technologies such as DAML+OIL and standards body W3C's Web ontology
language, OWL, then allow the prototype myGrid workbench to operate,
interoperate and reason over these services intelligently. The project
has demonstrated the potential of such an approach to in silico
bioinformatics experiments and is now attempting to produce more robust
semantic components that will allow users to personalize their own
The CombeChem project (www.CombeChem.org
has the ambitious goal of creating a "Smart Laboratory" for Chemistry
using technologies for automation, semantics and Grid computing. A key
driver for the project is the fact that large volumes of new chemical
data are being created by new high throughput technologies such as
combinatorial chemistry, in which large numbers of new chemical
compounds are synthesized simultaneously. The need for assistance in
organizing, annotating and searching this data is becoming acute. The
multidisciplinary CombeChem team has, therefore, developed a prototype
Smart Laboratory test-bed that integrates chemical structure-property
data resources with a Grid-based computing environment.
The project has explored automated procedures for finding similarities
in solid-state crystal structures across families of compounds and
evaluated new statistical design concepts to improve the efficiency of
combinatorial experiments in the search for new enzymes and
pharmaceutical salts for improved drug delivery. One of the key
concepts of the CombeChem project is "Publication@Source" by which
there is a complete end-to-end connection between the results obtained
at the laboratory bench and the final published analyses. In a sister
project called eBank, raw crystallographic data is annotated with
metadata and "published" by archiving in the U.K. National Data Store
as a "Crystallographic e-Print." Publications can then be linked back
to the raw data for other researchers to access.
In another strand, computer scientists in the SmartTea project have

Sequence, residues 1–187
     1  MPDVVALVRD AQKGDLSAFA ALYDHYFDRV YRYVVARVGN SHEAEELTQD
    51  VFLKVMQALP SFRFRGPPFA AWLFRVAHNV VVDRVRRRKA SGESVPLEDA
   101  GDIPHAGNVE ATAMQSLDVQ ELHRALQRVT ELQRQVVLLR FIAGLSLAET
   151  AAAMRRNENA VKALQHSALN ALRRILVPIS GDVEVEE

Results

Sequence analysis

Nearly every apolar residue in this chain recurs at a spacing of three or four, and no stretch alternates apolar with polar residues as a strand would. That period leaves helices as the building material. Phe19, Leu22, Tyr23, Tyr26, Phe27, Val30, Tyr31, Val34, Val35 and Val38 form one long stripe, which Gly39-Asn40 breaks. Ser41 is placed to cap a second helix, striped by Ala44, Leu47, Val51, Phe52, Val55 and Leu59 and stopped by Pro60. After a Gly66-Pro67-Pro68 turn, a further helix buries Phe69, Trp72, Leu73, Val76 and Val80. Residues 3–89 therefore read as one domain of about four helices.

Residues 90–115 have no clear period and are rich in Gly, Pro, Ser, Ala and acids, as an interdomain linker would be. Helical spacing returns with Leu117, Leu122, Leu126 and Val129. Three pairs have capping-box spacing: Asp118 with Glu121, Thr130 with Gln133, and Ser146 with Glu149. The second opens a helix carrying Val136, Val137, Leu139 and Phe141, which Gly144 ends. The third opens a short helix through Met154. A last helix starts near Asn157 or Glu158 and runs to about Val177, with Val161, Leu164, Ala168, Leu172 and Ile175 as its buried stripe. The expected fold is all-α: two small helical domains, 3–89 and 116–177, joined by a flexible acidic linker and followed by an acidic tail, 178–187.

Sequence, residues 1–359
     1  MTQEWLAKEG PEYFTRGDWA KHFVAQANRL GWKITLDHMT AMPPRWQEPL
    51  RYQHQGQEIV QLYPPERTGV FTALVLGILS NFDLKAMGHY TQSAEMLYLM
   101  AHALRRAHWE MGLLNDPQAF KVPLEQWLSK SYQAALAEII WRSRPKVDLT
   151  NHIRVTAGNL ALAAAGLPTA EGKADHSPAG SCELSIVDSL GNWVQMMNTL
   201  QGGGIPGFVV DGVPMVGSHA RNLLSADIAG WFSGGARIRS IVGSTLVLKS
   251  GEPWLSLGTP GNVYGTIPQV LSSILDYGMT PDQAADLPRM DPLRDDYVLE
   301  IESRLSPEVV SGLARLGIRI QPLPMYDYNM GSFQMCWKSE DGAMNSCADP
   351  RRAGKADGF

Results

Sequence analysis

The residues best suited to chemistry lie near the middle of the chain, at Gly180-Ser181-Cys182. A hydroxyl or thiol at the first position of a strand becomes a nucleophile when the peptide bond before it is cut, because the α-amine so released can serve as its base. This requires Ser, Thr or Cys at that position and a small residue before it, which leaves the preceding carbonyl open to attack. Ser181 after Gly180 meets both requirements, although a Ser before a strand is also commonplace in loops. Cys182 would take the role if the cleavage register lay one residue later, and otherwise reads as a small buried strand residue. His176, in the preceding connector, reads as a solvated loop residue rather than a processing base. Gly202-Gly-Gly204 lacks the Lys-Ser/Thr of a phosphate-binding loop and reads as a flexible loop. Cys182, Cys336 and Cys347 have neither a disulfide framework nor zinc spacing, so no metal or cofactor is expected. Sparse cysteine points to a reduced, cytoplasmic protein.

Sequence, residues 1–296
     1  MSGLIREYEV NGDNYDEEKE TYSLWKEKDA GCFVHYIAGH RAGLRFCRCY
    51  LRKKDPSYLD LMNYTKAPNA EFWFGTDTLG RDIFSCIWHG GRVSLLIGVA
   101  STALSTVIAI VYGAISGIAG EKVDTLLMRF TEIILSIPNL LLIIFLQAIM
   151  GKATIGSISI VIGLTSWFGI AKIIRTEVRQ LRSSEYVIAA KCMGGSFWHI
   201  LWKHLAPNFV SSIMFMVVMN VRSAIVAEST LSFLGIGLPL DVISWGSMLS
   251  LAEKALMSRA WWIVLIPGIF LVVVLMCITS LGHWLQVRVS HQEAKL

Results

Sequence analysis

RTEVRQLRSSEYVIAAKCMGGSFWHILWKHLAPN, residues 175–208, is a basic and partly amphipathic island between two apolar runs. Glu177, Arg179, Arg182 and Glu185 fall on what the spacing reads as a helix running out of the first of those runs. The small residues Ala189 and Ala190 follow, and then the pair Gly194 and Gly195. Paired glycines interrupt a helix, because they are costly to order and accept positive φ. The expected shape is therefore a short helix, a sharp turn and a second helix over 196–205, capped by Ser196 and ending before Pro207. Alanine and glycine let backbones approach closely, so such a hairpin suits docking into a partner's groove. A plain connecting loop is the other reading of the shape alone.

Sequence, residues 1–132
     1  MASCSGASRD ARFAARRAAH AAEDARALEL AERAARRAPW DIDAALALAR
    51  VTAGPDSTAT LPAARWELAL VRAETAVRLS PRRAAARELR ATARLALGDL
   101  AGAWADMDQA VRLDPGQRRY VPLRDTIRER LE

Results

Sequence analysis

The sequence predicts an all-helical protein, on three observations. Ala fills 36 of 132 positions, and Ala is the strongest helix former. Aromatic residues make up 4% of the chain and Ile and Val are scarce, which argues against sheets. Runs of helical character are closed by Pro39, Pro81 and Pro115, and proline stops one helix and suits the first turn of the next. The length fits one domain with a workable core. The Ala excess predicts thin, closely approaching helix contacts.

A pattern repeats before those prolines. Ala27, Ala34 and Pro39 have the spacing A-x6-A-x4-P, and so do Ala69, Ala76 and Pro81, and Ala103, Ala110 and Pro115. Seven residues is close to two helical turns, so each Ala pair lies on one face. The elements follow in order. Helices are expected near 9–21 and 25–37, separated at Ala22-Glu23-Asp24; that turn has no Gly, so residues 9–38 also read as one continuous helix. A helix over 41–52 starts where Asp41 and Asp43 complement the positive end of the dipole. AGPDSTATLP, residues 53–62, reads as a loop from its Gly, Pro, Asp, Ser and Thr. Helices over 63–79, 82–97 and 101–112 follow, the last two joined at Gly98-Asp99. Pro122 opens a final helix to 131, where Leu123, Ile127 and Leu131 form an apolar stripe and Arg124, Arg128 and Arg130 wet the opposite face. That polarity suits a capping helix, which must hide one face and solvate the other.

worked with the Combechem team to develop an innovative human-centered
system that captures the process of a chemistry experiment from plan to
execution. They have used an analysis of the process of making tea in a
laboratory to develop an electronic lab book replacement.
Using tablet PCs, the system has been successfully tested in a
synthetic organic chemistry laboratory and linked to a flexible
back-end storage system. A key finding was that users needed to feel in
control, and this necessitated a high degree of flexibility in the lab
book user interface. The computer scientists on the team investigated
the representation and storage of human-scale experiment metadata and
introduced an ontology to describe the record of an experiment and a
novel storage system for the data from the electronic lab book.
In the same way that the interfaces needed to be flexible to cope with
whatever chemists wished to record, the back end solutions also needed
to be similarly flexible to store any metadata that might be created.
Their storage system was based on Semantic Web technologies such as RDF
(Resource Description Framework) and Web services. This system was
found to give a much higher degree of flexibility to the type of
metadata that can be stored compared to traditional relational
Although much of the focus of the Grid community is currently on low
level middleware, it is important not to lose sight of the significant
research challenges for computer scientists to develop high level,
intelligent middleware services. These services must genuinely support
the needs of scientists and allow them to routinely construct secure
Virtual Organizations and to automate the management of the many
Petabytes of scientific data that will be generated in the next few
years in many areas of science. The Semantic Grid is not yet a reality,
but the U.K. e-Science projects are providing a valuable test-bed for
Semantic Web technologies.
© Tony Hey 2005